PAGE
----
In an alternate embodiment of use construction in accord with FIG. 6, auxiliary pipes 72 are pressurized to thus create a positive pressure gradient and related flow within the soil. This will be essentially the inverse of the phenomena just described for evacuated pipes. Thus, the pressure in the soil in vicinity of the trench, chamber, or pipe, as the case may be, will be supra-atmospheric and air will flow into the pipe and upwardly through the soil profile to the chamber and or soil surface. When the pipes 72 are beneath the influence zone, pressure or upward air flow may also retard the downward flow and escape of waste water to ground water, which could be either desirable or undesirable depending on reactions in the influence zone.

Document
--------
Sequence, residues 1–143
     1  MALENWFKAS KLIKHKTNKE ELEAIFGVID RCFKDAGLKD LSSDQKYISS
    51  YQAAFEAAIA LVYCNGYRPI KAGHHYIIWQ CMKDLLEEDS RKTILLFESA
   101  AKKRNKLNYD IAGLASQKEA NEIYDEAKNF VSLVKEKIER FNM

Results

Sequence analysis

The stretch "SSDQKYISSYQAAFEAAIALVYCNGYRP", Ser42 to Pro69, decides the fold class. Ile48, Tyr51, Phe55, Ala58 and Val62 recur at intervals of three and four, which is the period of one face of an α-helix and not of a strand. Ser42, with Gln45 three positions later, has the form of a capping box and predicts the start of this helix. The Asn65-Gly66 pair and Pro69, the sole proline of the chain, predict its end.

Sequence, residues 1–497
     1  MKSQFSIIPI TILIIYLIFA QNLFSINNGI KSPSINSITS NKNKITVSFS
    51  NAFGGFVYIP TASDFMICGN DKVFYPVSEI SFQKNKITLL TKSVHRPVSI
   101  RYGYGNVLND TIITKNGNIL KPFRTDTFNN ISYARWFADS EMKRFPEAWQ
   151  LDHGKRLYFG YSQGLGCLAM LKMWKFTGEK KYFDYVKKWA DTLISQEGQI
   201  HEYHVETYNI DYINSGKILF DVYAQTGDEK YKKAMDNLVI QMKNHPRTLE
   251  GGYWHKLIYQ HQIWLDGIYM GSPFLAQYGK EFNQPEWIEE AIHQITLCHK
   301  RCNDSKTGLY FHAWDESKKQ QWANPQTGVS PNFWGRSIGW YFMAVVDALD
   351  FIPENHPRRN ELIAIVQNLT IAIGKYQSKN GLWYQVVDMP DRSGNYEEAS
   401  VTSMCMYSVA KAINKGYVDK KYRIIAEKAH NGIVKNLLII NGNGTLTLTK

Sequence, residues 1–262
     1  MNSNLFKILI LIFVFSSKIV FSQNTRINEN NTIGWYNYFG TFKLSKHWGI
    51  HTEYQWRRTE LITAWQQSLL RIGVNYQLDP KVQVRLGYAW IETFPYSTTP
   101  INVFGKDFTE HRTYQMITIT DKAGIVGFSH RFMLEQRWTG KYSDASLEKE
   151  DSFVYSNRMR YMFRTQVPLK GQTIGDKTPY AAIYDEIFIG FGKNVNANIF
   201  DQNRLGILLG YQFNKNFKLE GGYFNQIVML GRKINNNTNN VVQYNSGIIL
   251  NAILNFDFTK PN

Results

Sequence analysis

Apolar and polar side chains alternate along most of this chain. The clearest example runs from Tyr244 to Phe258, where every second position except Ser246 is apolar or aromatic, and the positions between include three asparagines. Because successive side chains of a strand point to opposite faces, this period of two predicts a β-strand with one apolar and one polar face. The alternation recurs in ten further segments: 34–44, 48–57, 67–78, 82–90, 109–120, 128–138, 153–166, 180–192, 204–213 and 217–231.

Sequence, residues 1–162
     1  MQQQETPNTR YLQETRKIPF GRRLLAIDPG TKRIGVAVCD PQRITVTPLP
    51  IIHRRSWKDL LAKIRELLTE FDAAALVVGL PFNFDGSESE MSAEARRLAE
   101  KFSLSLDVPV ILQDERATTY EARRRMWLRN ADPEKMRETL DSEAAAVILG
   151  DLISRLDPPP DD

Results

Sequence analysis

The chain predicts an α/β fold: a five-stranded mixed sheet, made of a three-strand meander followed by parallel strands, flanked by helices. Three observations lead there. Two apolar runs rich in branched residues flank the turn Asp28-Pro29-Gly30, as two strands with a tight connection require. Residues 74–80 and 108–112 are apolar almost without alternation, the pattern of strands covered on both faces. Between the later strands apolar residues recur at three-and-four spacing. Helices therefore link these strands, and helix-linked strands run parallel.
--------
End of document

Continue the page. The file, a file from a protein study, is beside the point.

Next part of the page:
FIG. 7 is a fragmentary picture which will be understood from its analogy to FIG. 5. FIG. 7 shows one of a plurality of spaced apart vertical pipes 78 which is positioned adjacent one or more of the trenches, along the length of the trench, in place of the horizontal pipes 72. The pipes 78 have perforated lower ends 79, to enable air to flow into and from the soil. As for other like Figures, the flow of gases, according to whether the pipe is pressurized or evacuated, is indicated by the double-headed arrows. Pipes 78 may alternatively be angled downwardly so the lower pipe ends are positioned beneath the trench, rather than adjacent to it as shown. Thus, the term “vertical pipe” will encompass pipes which are generally running in an upward direction, whether true vertical or at an angle to such, in which case they are only generally vertical. The advantage of the use of vertical injection or suction pipes is one of easy retrofit. Combinations of horizontal vertical (and angled) pipes and means for interconnecting them to the source of pressure or vacuum will present themselves. The horizontal or vertical aeration pipes shown in FIG. 5 or 7, and the diffusers of FIGS. 14 and 15 discussed below, may be installed proximate or within individual trenches, or portions thereof, rather than generally throughout an entire leaching system, to cope with a localized problem.